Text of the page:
To Pray or Not to Pray: An exploration into the relationship between religion and isolation in The Stranger and Chronicle of a Death Foretold
Religion is a major foundation for many cultures. It is present all over the world in many different shapes and forms. But all religions have one thing in common, communality. Naturally, with rituals such as congregation people of religion are brought together. This community worships together, but this relationship extends further than the confines of a church. Members of the same church, or religion, have the same core values, and these commonalities result in a community that would not have otherwise existed. When there is a disregard for religion, there is a loss of community and thus a step towards isolation. This is best seen through the comparison of The Stranger, by Albert Camus, and Chronicle of a Death Foretold, by Gabriel Garcia Marquez. In The Stranger, the main character exhibits an immense disregard for religion; coincidentally this person is very much alone in the novel. In Chronicle of a Death Foretold, the main character is an avid follower of his religion; and such, he is a member of the community and has many relationships with other members of the community.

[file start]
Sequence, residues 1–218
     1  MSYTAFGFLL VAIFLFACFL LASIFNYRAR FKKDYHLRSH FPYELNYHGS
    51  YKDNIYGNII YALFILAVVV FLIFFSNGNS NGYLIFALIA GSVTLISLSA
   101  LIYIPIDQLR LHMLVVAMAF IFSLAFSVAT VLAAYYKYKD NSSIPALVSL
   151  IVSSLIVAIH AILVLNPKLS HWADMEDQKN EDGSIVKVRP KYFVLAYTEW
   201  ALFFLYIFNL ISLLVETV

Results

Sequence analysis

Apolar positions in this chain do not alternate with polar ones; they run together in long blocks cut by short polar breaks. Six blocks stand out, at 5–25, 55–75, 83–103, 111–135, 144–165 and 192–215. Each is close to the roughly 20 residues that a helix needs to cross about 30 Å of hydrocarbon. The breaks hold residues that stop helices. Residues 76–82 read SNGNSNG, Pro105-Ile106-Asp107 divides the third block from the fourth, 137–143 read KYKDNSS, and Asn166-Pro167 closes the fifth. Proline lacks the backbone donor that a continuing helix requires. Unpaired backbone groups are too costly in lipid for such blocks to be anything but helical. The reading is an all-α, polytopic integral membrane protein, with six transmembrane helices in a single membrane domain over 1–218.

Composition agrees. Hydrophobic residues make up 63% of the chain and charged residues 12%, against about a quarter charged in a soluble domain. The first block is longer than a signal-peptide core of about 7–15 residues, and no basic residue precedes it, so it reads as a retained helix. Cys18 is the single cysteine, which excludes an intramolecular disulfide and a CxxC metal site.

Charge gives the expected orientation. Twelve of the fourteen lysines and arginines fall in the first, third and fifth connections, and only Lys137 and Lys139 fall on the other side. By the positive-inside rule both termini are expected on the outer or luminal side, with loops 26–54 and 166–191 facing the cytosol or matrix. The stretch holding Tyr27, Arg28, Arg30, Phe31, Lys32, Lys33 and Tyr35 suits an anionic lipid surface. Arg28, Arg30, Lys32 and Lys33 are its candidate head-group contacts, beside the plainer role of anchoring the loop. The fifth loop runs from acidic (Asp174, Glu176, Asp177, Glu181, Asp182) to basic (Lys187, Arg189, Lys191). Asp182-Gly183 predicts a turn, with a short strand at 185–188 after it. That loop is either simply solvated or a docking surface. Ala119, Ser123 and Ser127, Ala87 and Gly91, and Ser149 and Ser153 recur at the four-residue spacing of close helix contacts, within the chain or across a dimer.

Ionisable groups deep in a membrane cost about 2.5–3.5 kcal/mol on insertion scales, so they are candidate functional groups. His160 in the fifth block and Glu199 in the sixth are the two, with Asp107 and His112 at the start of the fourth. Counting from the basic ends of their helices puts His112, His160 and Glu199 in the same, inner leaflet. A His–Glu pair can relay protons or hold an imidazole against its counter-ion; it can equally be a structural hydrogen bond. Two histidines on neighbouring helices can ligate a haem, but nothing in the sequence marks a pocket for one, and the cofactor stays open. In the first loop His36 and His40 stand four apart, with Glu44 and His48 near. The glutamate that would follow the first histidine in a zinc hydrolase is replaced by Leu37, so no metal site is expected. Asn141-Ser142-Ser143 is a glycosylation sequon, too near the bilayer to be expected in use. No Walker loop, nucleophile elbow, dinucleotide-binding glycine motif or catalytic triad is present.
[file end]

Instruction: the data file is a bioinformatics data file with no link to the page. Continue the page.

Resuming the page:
In The Stranger, the main character Meursault is very distanced from religion. It is revealed that Meursault has always been without faith when the reader learns that Meursault’s mother “Maman had never in her life given a thought to religion” (Camus 6). With a mother whom didn’t care for religion, it would have been impossible for Meursault to practice, let alone accept, any religion. His distance from religion is seen throughout the novel. At the very beginning of the novel, during his mother’s funeral, Meursault’s distance from religion is seen by the actual order of the funeral procession. Meursault describes the order of the procession as follows, “First came the priest, then the hearse. Flanking it, the four men. Behind it, the director...
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